Third, enablement is judged based on the time of filing. The question isn’t whether one later finds one unenabled embodiment within the scope at some later point in time. The question is if the scope was enabled at the time of filing based on the knowledge and skill in the art and the disclosure of the specification.

        Fourth, the baseline argument is, of course, that the invention of the gun didn’t require any undue experimentation beyond the disclosure of the bow.

        So is it possible that the claim will eventually be held invalid? Sure. Probable even. But that result only occurs after the chilling effect, a trial where the burden is on the defendant rather than the patentee, and the cost of producing evidence and witnesses.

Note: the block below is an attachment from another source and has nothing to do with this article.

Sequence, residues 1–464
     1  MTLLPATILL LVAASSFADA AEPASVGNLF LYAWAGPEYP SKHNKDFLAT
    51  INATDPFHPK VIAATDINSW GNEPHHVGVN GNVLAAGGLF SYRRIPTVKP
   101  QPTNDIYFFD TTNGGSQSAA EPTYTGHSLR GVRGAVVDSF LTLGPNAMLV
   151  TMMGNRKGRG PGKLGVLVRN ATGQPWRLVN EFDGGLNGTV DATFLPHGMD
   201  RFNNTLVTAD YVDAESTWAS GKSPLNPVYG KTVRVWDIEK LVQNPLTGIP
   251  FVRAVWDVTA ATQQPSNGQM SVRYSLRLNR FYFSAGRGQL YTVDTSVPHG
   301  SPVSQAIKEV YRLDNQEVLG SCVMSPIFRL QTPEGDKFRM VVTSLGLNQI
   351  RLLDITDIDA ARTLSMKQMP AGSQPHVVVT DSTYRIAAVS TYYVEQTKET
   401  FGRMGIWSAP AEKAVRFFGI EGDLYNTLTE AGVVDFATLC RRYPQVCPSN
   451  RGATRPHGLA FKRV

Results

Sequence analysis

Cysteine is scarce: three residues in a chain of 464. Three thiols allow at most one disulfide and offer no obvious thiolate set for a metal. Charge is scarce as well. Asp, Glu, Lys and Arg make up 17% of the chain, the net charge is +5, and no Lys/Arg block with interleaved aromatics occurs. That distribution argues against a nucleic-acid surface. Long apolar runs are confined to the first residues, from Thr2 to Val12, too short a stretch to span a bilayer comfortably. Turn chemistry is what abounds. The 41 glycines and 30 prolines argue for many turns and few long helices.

The point is that the logic of Morse needs to apply – the invention should be rejectable based upon the four corners of the document based on the inability of the applicant to prove that other, distinct embodiments within the functional scope don’t exist. Notably, the Morse case was decided before, e.g. someone else came along with an infringing fax machine. That analysis is an abstraction analysis, whether you want to call it that or something else.

        The very thing that all of the patent attorneys are complaining about here – the ability of the office to reject something based on overbeadth logic without citing evidence – is exactly what is needed to overcome the inherent problems with simply allowing the claim and forcing someone else to put themselves at financial risk to properly size the invention.